Have you set clear expectations for working from home?
Encourage your employees to look after their health and safety, such as by taking regular breaks and managing their ergonomics.
You should also ensure that no employee is unreasonably disadvantaged by their new conditions of work (as opposed to being disadvantaged by the pandemic, which is of course disadvantaging almost everyone).
Are your arrangements flexible enough to support your workers’ personal circumstances?
It’s likely that many of your staff will be juggling work with their responsibilities as a parent or carer. Measures you can take to support them and to help them to maintain their productivity include enabling flexible start and finish times. Read more here:
- Workplace Gender Equality Agency’s Employee Flexibility Toolkit
- Fair Work Ombudsman’s advice
- Business Victoria’s flexible working arrangements info
What do your employment contracts permit in relation to WFH?
Loose agreements are open to uncertainty. Check them.
What equipment, furniture, infrastructure and systems will your employees need to work from home?
You should ensure – as far as possible – that your employees have access to ergonomic equipment. That could mean, for example, getting employees to take their chairs or other equipment home from work. You will need to record who has what, and check your insurance coverage.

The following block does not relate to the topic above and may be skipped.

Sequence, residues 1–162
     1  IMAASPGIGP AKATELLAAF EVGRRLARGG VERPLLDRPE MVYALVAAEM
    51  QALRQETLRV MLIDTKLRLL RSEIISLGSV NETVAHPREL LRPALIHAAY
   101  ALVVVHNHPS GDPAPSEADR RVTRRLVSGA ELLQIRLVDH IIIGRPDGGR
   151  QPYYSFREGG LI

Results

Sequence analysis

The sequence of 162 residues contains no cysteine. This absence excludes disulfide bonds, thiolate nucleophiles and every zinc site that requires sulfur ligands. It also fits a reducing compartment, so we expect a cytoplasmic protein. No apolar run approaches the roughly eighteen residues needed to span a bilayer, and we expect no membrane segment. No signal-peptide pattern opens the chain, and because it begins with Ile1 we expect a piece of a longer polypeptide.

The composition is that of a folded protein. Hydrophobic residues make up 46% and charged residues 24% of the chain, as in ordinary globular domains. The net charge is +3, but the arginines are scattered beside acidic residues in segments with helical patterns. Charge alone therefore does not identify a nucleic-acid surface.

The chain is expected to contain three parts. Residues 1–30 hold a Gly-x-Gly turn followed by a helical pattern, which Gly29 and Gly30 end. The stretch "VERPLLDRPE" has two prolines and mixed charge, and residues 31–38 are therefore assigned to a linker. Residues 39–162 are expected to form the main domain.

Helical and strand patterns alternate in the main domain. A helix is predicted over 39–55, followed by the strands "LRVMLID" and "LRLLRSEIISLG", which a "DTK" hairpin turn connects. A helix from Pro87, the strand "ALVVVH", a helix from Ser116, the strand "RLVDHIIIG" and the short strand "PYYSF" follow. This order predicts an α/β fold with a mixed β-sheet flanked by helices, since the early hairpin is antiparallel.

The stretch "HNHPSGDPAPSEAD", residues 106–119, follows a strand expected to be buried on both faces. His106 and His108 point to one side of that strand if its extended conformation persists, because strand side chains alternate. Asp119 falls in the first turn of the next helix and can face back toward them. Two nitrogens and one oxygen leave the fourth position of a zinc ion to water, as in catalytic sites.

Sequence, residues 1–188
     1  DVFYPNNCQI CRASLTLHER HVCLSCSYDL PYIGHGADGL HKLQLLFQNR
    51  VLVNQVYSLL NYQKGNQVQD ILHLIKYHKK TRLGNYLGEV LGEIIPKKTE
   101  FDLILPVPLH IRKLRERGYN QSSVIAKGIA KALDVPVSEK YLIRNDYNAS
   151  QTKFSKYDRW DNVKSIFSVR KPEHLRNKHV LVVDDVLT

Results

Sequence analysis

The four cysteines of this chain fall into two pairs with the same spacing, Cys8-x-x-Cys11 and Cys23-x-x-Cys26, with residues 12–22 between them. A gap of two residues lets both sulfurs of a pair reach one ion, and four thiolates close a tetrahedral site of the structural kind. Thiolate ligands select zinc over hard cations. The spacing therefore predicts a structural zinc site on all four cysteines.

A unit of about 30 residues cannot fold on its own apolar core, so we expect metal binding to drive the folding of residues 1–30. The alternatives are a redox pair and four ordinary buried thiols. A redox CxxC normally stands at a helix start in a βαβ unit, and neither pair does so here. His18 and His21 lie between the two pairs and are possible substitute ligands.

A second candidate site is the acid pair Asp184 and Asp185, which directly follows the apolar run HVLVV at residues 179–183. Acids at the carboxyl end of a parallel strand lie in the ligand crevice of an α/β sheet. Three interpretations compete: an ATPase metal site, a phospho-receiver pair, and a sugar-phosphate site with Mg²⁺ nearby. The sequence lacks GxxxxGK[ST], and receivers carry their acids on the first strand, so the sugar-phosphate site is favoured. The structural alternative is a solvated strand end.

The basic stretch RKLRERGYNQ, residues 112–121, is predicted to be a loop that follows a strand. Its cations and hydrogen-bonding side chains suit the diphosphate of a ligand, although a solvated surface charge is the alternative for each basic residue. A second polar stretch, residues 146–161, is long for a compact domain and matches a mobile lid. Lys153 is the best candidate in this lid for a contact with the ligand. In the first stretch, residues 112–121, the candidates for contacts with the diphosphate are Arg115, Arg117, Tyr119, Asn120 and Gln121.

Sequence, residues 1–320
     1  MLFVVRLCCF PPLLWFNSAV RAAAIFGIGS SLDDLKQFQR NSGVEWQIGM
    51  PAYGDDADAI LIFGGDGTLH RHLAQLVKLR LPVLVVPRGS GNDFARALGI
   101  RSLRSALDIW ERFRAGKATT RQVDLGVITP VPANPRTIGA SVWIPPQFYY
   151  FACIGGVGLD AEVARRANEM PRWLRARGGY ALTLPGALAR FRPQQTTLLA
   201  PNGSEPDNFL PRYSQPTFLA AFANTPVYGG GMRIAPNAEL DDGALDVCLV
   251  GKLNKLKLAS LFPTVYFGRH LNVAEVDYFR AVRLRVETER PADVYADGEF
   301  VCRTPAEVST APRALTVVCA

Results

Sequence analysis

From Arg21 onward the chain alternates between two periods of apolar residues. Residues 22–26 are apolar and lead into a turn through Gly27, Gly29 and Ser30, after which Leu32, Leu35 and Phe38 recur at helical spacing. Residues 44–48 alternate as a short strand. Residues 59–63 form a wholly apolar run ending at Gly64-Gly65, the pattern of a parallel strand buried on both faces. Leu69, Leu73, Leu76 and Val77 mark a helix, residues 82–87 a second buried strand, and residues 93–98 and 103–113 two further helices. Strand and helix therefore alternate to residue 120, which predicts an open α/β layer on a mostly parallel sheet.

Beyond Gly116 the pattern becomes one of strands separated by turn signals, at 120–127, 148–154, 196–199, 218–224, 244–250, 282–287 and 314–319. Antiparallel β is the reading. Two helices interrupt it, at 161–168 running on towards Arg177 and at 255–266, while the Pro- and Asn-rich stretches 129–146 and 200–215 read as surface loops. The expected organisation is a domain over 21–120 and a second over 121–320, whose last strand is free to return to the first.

The basics include a phone, a stable internet connection (easier said than done), a laptop with all the necessary programs, and possibly an additional monitor, if needed.
Obviously, your employees will need to be able to communicate and connect with stakeholders and each other. For information on some of the most useful tech tools available for meetings and more, see our help sheet on working from home tech tools for NFPs.
Your CEO and IT manager might be able to deploy many of those new tools and technologies remotely, but consider whether your staff will need support or training to get them up and running at home. This could be as simple as emailing a set of instructions to your staff.
Who will pay for running costs and equipment?
Consider how and when you will reimburse employees’ out-of-pocket costs, and set appropriate limits on expense claims.
Have your employees completed a WFH self-assessment?
Once you’ve worked through the preliminaries, you’ll need to ensure the ergonomics of their workspace are appropriate.